In an animal study, saffron extract reduced anxiolytic (anxiety-like) behavior in mice and also increased sleep time.
Saffron for Erectile Dysfunction and Sexual Function
In ancient times, saffron was used as an aphrodisiac, and we now know that its key compound crocin can be attributed to promoting sexual function.
Even today, saffron is known for its ability to improve sexual function in both men and women, and there's research to back that claim.
In one study, 36 men with anti-depressant medication-induced erectile dysfunction were given 30mg of saffron daily for a month. The study concluded that the men given saffron showed "significantly greater improvement in erectile function," than those given a placebo.
Similar to the previous study, 38 women were also administered 30mg/day of saffron daily for a month for fluoxetine (anti-depressant) induced sexual dysfunction. The study concluded stating that, "saffron may safely and effectively improve some of the fluoxetine-induced sexual problems including arousal, lubrication, and pain," in women.
Although more trials are needed, if you suffer from sexual dysfunction you should give saffron supplements a try, instead of turning to synthetic drugs that can lead to side effects such as headaches, blurred vision, body pain, and more.
Saffron for PMS (Premenstrual Syndrome)
PMS affects a large percentage of the female population and is one of the most common health issues reported in women of child-bearing age.
Saffron has been used traditionally to alleviate the symptoms of PMS, which include dysmenorrhea (menstrual cramping), mood swings, acne, and bloating.
Studies done today have also shown "saffron as an alternative treatment for PMS."
In one study, women between the ages of 20-45 years experiencing PMS symptoms for 6 months on a regular menstrual cycle, were administered saffron supplements at 30 mg/day or a placebo. The saffron group showed a significant improvement in PMS symptoms as compared to the placebo group.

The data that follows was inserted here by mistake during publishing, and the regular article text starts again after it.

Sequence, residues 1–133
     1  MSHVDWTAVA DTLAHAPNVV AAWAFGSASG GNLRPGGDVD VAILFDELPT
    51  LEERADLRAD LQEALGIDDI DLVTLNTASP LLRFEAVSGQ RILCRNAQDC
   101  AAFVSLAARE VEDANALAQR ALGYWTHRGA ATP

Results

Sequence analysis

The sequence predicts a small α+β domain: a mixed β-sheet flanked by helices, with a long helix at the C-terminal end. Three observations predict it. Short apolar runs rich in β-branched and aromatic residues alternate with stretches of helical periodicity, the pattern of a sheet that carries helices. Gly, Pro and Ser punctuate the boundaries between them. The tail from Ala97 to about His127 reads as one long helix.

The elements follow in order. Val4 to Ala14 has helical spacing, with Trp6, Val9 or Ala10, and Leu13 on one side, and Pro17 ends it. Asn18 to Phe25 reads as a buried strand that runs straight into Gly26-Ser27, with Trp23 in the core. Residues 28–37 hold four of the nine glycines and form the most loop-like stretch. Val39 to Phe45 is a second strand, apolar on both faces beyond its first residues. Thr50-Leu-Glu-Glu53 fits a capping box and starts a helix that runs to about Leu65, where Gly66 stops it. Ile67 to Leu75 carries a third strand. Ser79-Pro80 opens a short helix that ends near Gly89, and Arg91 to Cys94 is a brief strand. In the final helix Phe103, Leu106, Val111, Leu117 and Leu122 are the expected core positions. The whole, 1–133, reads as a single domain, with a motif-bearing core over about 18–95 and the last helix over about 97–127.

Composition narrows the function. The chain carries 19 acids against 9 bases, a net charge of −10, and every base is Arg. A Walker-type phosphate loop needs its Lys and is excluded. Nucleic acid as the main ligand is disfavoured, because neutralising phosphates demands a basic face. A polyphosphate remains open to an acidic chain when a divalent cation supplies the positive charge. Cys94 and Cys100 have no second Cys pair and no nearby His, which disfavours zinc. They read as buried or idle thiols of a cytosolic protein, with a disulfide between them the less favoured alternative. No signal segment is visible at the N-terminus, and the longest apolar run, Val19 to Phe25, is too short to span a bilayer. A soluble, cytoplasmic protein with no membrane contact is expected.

In another study, inhalation of the odor of saffron (crocus sativus), was explored in 35 women with PMS. The study concluded that saffron odor is effective "in the treatment of PMS, dysmenorrhea and irregular menstruation," and it was discovered that inhaling the odor for 20 minutes significantly decreased levels of the stress hormone, cortisol.
Saffron for Weight Loss
There have been several studies to show that saffron has the ability to suppress appetite, boost metabolism, and promote weight loss.
Research has shown that saffron supplementation can reduce the risk of an "over snacking-diet associated with obesity," and help to promote "weight loss in overweight individuals."
The study revealed that the active compounds in saffron are effective at:
- Suppressing appetite and therefore reducing the intake of calories
- Increasing the feeling of fullness (satiety)
- Slowing down the absorption of fat
- Promoting the burning of fat and glucose for energy
One study showed that high-dose supplementation of saffron in 60 mildly overweight women for 6 months, reduced snacking, and created a "satiating effect that could contribute to body weight loss."
A variety of research studies [1,2,3,4] have also "proposed that obesity might be an inflammatory disorder." And, since oxidative stress increases inflammation, antioxidants such as saffron may directly or indirectly control the progression of obesity by "working as an anti-inflammatory compound alone or fat reducing agent in parallel."
Although more clinical trials are needed, saffron extract has shown to combat obesity by acting as an appetite suppressant and promoting weight loss.
Saffron for Metabolism
A major reason why many people look to saffron extract for weight loss is the ability of the spice to boost metabolism.
Saffron enhances thermogenesis in the body, which means it increases internal body heat encouraging the burning of fat cells. By doing this, it helps to boost metabolic function.